1- If there is a Version 1 of a software under GPL license and a
version 2 under a commercial license, can other developers continue
working on Version 1 of the software and have their own version of the
Yes. Their own versions must be distributed under the GPL, too, of course.
2- Alternatively, is it possible for the original author to change the
license of a currently open-source software to a commercial software
and thus preventing others from making free versions of it? And are
new programs created from when it was open-source now against the law?
Once someone receives a copy of the program under a given license, you can't change the license from under their feet. So, if a program was once released under GPL, anyone who downloaded the GPL version has the perpetual freedom to use and modify their copy, and distribute their modifications, under the terms of the GPL.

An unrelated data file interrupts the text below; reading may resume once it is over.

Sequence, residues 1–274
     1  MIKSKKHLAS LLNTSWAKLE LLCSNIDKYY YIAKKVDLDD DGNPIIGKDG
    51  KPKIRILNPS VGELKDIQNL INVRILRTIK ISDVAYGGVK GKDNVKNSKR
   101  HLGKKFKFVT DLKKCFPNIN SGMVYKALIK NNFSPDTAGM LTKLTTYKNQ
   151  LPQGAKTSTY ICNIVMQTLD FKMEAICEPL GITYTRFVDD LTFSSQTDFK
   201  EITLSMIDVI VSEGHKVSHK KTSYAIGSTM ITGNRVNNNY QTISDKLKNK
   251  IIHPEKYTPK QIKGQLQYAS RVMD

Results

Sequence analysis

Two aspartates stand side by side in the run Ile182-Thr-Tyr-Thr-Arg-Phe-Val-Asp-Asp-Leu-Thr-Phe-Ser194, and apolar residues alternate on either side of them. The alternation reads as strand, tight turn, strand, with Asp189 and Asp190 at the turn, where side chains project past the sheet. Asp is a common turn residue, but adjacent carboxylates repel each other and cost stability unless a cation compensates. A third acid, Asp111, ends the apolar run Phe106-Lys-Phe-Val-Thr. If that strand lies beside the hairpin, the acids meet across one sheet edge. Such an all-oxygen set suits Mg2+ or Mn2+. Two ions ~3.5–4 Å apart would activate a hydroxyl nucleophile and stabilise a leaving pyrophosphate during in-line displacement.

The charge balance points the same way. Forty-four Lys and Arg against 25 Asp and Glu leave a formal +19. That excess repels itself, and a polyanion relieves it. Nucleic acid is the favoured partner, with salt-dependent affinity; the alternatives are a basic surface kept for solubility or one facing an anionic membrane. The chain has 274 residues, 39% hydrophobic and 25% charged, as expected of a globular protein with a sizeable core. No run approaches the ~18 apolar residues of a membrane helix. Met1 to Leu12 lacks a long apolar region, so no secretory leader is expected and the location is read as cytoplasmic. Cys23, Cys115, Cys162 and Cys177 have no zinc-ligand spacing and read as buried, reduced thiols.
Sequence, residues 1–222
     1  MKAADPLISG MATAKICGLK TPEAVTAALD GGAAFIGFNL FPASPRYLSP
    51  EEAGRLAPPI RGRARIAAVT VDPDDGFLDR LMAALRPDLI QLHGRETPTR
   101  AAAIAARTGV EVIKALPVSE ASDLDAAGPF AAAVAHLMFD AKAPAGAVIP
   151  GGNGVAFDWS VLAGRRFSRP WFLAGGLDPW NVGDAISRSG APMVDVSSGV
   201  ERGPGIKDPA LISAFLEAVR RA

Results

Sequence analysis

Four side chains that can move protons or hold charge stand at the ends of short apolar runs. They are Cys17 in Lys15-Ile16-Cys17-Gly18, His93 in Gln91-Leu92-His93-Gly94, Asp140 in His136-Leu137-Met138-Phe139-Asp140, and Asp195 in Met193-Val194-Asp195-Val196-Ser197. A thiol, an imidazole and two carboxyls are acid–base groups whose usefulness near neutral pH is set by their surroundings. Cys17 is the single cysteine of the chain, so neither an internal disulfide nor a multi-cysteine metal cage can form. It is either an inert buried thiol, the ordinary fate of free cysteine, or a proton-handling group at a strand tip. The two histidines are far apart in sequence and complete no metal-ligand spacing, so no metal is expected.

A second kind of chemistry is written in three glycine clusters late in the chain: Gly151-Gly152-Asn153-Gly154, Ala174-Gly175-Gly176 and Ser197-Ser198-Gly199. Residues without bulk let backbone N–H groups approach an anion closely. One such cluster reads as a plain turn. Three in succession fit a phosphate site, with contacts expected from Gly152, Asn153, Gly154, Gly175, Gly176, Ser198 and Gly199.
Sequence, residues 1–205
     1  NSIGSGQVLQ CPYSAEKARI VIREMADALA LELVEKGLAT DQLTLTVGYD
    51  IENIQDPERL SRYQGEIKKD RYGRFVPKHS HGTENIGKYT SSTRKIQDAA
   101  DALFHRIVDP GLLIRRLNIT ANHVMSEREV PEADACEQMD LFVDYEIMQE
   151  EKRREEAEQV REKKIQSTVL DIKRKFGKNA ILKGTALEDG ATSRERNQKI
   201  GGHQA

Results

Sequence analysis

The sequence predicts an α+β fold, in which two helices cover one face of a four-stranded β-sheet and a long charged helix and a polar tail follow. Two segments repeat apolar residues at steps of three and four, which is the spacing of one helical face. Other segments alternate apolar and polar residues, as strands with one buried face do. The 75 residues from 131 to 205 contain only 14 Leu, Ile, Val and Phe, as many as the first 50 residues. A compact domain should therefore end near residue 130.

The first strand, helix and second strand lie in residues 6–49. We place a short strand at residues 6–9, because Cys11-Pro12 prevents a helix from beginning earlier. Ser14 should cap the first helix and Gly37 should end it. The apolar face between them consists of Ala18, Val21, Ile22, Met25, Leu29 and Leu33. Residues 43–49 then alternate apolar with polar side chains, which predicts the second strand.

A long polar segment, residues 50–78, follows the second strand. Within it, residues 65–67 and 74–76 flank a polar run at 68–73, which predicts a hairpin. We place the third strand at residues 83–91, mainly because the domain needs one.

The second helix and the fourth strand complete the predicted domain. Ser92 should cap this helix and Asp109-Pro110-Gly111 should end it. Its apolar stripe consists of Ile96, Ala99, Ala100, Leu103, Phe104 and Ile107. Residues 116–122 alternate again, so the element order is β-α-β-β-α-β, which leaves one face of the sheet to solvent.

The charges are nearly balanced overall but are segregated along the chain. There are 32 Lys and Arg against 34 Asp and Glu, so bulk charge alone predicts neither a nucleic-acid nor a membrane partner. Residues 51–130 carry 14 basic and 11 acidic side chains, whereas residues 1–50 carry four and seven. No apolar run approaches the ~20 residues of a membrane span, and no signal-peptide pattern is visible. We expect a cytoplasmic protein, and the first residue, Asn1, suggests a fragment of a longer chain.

What you might be able to do is change the license of your GPL program to a different license (for example, a "commercial" (i.e. proprietary) license), and then people who download the program from you from that point on are bound by the new license (however, keep in mind that people who had downloaded the program back when it was GPL are still free to distribute it to other under GPL terms, you can't take that away). Whether you can do this depends on whether you're the sole copyright owner of the program. If you are, you are free to re-license it how you want. If you're not (for example, because you accepted contributions from others without having them assign their copyright to those contributions to you), then you need permission from all the other copyright owners before you can re-license.